Komodo National Park Indonesia Physical Features

Komodo is one of the long arc of islands running from Sumatra towards Irian Jaya along the line of a tectonic subduction between the Sunda and Sahul shelfs. It is the largest (34,000 ha) of a small archipelago between the larger islands of Sambawa and Flores. The topography is generally steep and rugged owing to its volcanic origin and is dominated by a range of rounded north-south oriented hills between 500-600m high. Relief is steepest to the north-east, notably in the peak of Gunung (Mount) Toda Klea which is precipitous and crowned by deep, rocky dry gullies. The coastline is irregular with little flat ground, numerous bays, beaches and inlets separated by headlands, often with sheer cliffs falling vertically into the sea. To the east, across the Lantah Strait, Padar is a small, narrow island which rises steeply from surrounding plains to 200-300m. Further east, the second largest island in the Park, Rinca (20,000 ha), is separated from Flores by a very narrow strait. Gili Motong is a much smaller island to its south-east.

The topography of the southern part of Rinca is dominated by the Doro Ora massif (667m); to the north the steep-sided peaks of Gunung Tumbah and Doro Raja are 187m and 351m respectively. As with Komodo and Padar, the coastline is rugged and rocky although sandy beaches are found in sheltered semi-enclosed bays. The mainland sections of the Park, Mbeliling – Ngorang forest and Way Wuul Mburak Park, lie on the rugged coast of north-western Flores where surface fresh water is more abundant than on the other islands. The islands were probably formed by vulcanism in the Eocene era though the west side of Komodo preserves Jurassic rocks. Deposits are generally resistant volcanics, volcanic ash, conglomerates and coral formations raised by tectonic movement. There are frequent tremors though no active volcanoes. The soils are rocky and shallow (Sumardja,1981; PHKA, 2004).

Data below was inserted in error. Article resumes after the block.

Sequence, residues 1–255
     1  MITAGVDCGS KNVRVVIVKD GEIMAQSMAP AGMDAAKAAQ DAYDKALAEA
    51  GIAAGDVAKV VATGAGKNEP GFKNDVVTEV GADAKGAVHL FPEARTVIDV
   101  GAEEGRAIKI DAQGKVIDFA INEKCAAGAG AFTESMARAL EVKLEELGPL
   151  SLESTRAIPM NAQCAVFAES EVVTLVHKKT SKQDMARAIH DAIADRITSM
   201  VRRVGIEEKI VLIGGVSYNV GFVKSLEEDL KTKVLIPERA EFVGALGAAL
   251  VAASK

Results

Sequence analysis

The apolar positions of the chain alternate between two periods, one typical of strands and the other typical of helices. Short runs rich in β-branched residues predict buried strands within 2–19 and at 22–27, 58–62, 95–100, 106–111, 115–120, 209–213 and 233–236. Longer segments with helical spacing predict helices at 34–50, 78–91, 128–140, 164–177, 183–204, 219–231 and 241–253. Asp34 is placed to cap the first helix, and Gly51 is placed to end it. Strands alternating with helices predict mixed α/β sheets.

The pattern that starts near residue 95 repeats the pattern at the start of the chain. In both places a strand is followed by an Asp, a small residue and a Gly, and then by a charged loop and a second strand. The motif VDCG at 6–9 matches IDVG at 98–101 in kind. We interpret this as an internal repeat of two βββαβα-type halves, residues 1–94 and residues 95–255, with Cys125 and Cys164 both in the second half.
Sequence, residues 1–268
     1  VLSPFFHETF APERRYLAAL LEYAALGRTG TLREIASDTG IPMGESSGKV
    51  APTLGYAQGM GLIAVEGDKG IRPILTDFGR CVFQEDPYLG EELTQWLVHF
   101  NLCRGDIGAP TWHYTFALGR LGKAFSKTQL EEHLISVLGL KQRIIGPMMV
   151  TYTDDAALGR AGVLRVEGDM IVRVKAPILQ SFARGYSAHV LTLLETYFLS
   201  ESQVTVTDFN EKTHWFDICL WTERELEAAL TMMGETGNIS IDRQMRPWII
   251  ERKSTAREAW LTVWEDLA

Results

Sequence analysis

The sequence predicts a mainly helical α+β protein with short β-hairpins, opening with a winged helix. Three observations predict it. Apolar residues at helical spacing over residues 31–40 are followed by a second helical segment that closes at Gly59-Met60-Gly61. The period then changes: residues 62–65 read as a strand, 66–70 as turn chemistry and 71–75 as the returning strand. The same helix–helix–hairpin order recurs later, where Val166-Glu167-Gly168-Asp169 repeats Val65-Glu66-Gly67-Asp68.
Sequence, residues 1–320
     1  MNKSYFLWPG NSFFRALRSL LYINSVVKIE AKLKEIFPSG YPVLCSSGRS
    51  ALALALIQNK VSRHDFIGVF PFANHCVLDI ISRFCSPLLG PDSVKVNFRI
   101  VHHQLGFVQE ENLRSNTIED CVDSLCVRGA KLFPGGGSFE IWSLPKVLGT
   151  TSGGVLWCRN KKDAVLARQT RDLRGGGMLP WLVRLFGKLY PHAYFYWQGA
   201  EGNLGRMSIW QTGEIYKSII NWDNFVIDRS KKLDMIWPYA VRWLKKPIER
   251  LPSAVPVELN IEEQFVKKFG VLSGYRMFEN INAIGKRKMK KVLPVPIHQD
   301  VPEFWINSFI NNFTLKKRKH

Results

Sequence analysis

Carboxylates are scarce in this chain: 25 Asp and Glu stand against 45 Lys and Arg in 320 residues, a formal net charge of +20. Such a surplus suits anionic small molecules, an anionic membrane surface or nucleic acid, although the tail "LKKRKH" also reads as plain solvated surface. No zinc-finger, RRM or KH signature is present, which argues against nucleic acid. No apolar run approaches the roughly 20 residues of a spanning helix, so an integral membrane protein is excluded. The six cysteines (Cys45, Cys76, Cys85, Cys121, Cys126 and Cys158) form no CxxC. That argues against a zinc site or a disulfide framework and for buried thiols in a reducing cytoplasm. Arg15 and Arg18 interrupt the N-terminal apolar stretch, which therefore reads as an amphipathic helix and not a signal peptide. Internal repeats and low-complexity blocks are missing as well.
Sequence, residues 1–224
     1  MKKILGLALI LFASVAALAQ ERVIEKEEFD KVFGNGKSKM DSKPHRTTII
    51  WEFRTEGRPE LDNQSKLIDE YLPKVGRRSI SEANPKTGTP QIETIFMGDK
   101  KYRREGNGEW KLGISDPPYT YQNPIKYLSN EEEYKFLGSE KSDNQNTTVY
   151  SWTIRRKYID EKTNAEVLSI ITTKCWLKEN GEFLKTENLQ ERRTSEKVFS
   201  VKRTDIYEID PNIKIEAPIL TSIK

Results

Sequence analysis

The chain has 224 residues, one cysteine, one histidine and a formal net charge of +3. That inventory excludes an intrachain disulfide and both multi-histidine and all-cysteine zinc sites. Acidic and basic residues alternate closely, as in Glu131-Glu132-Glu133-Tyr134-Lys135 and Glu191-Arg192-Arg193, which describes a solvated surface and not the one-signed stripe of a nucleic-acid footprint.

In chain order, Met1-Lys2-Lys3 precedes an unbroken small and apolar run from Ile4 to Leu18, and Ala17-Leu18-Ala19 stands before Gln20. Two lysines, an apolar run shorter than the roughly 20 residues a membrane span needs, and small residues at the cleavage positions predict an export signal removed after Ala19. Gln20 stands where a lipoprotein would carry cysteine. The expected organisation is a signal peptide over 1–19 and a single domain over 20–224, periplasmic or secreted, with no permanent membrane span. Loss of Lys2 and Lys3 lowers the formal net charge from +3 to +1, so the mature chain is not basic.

The seas around the islands are among the most productive in the world due to upwelling and a high degree of oxygenation resulting from the strong tidal currents which flow through the Sape Straits to the west (Kvalvagnaes & Halim,1979). The marine site has sea mounts, semi-enclosed bays and seagrass beds north of Rinca Island. Fringing and patch coral reefs are extensive and best developed in the west- and north-facing areas, the most intact being on the north-east coast of Komodo and the south-west coasts of Rinca and Padar.

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